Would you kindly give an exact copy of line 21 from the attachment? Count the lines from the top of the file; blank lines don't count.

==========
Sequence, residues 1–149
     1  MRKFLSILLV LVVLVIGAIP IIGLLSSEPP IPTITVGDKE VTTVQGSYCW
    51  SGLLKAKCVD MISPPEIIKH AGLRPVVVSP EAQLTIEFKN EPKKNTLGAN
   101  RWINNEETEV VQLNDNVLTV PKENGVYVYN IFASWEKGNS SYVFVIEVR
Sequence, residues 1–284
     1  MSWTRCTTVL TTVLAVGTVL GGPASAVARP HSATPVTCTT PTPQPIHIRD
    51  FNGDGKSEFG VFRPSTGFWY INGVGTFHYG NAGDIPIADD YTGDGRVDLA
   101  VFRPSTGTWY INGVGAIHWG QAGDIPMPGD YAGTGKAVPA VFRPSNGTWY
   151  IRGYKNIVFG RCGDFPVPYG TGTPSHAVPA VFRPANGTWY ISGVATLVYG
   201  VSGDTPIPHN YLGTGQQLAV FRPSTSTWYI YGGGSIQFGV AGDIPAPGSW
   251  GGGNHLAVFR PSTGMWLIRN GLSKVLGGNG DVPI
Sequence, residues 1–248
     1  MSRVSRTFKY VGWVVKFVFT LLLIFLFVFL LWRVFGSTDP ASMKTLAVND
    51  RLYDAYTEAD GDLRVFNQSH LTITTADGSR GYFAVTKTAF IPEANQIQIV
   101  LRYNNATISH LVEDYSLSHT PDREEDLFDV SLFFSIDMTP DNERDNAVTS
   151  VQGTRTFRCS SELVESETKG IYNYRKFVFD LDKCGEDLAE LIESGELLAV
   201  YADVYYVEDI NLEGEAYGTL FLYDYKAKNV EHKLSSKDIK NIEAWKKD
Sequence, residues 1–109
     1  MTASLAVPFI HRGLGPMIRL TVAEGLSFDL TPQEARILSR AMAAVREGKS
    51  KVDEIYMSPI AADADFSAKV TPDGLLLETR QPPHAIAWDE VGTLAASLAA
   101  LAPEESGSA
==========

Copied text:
   101  LAPEESGSA